Home Irregulars One Family’s Miraculous Ride During the 1938 Storm

One Family’s Miraculous Ride During the 1938 Storm


On Sept. 21, 1938, New Englanders started out enjoying what looked like a decent fall day. No one was paid attention to the 1938 hurricane headed up the coast. The Moore family had no reason to think they would take a miraculous ride to safety that day.

Weather forecasters told those who paid attention the storm had turned out to sea. The worst they should expect? A breezy day.

Houses destroyed by the hurricane of 1938. Photo courtesy Boston Public Library, Leslie Jones Collection.

One man at the National Weather Bureau predicted the storm would, in fact, follow the devastating track of the hurricanes of 1635 and 1815. But his superiors overruled him, and the forecast for the day called for good weather.

1938 Hurricane

Estimates vary, but at least 400 people perished that day and maybe as many as 800.  The hurricane of 1938 crossed over the tip of Long Island, then slammed into New London, Conn., and raced up the Connecticut River Valley at 50 miles per hour.

It caused unprecedented destruction. In New London, high waters pushed a five-masted ship, Marsala, into a warehouse and then started a fire that demolished a quarter-mile section of the city’s business district.

As the storm passed the Milton Observatory in Massachusetts, 186 m.p.h. wind gusts were recorded. Up into New Hampshire, Peterborough went up in flames and part of the Cog Railway on Mt. Washington blew down. And in Vermont, the storm caused a train derailment and uprooted maple trees and apple orchards.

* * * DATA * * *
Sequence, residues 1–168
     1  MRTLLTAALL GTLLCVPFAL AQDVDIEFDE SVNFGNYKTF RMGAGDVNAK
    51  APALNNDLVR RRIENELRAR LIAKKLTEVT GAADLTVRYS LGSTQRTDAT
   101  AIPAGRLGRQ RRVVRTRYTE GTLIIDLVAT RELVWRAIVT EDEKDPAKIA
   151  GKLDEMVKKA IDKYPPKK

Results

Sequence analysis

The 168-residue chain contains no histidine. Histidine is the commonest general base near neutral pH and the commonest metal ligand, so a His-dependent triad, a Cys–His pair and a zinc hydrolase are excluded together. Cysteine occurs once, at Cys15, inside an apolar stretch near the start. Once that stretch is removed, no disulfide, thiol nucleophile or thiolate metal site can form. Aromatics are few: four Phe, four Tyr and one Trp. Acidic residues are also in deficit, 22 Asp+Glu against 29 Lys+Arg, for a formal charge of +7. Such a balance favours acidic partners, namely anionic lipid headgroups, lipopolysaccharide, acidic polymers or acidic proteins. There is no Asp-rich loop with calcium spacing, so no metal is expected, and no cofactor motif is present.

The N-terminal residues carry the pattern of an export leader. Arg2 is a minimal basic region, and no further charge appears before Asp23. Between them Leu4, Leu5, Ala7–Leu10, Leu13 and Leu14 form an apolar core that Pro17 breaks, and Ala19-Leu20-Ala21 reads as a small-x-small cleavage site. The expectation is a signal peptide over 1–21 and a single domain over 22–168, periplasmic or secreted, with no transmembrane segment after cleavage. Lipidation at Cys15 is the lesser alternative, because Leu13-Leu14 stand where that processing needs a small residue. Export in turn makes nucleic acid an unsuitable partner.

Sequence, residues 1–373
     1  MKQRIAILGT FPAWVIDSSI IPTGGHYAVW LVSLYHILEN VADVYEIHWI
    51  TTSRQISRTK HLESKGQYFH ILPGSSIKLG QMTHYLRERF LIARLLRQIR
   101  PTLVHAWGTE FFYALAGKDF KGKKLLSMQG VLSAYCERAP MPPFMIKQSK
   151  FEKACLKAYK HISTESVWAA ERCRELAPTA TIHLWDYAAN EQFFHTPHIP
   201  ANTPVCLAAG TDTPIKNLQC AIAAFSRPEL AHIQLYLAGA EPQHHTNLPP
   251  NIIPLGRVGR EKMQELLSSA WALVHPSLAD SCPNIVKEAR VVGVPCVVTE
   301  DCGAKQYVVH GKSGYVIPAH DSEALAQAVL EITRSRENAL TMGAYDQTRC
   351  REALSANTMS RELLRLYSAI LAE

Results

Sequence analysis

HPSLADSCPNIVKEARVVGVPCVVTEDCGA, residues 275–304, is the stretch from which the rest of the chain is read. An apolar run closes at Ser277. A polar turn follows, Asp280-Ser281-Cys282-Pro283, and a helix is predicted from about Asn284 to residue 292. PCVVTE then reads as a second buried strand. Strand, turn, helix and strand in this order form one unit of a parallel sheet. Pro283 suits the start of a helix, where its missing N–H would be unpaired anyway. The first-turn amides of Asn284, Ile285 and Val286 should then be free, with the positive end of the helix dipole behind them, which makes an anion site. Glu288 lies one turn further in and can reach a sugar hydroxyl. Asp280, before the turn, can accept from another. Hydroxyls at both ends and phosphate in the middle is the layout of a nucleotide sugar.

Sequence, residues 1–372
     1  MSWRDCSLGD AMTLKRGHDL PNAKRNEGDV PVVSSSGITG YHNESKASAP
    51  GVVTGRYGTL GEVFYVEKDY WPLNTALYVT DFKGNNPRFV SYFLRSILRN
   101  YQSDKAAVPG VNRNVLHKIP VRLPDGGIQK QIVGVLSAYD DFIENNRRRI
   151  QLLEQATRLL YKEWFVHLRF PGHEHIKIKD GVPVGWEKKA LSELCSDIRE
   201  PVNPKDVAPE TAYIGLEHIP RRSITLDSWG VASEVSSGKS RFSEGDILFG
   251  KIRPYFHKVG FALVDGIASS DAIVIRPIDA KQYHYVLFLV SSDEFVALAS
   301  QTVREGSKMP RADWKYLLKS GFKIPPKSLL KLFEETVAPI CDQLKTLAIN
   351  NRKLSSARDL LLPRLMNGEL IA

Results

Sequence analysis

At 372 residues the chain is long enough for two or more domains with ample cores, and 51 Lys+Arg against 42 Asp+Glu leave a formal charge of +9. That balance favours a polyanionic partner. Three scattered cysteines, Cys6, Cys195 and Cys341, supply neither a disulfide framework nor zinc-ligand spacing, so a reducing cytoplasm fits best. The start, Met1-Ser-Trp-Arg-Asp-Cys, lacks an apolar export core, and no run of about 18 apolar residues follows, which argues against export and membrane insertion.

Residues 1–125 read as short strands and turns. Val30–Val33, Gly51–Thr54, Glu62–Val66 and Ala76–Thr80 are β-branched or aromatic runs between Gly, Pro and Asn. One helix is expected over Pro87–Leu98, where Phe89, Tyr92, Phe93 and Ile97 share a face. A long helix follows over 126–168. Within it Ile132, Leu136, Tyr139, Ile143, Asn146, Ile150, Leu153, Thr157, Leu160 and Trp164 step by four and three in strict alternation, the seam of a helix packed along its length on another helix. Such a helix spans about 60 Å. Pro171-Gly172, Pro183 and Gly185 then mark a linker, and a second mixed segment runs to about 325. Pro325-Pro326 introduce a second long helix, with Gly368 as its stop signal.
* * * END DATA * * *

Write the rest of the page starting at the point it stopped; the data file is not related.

Rhode Island got the worst of it. Parts of downtown Providence were under 14 feet of water, with people sheltering on the second and third floors of buildings. In Westerly, R.I., 100 people died ecause of the storm.

Perhaps the most astounding story of the storm comes from the Moore family of Westerly. As the storm grew stronger, the family tried to evacuate their beachfront home, but could not. As the ocean waves began surging into the house, Catherine Moore recalls her father bracing against the front door literally trying to hold back the ocean.

The Miraculous Ride

As the family moved first to the second floor and finally to the third floor to stay above the storm surge, they watched as house after house succumbed. They saw neighbors washed away. Finally, the waves overwhelmed their own house, lifting it off its foundation.

“Next thing I knew, we were floating,” Moore recalled. “We were on the water with the waves crashing over us, and part of the house still attached, one of the walls still attached to this piece of floor, and it almost acted as a sail.”

In all, 10 people clung to that bit of floor as it hurdled across the sound to land in Connecticut, where the family then stepped back on to land and back into their lives.

Newsreel footage of the 1938 hurricane can be seen here.

This story was updated in 2021.


Flashback Photos: The Great 1938 Hurricane - New England Historical Society September 21, 2014 - 4:57 pm

[…] were washed off their foundations, like the one above that landed in the Cape Cod Canal. Ten people clung to the floor of the Moore family beach house as it floated across the water from Westerly, R.I. , before depositing them safely in […]

The New England Summer Theater - Six of the Oldest - New England Historical Society May 27, 2017 - 9:00 am

[…] as visitors spent days on the nearby beaches and nights seeking entertainment. Along the way, the Hurricane of 1938 put a dent in the theater's façade. During World War II it did its part for the war effort by […]

The Great 1938 Hurricane, A Once-In-A-Lifetime Storm - New England Historical Society September 20, 2019 - 7:12 am

[…] This story was updated in 2019. With thanks to The Great Hurricane: 1938 by Cherie Burns. New England Historical Society subscribers can download our free premium, Weather History of New England, Six Storms That Changed Everything, here. If you'd like to read about a wild ride one family took during the storm, click here.  […]

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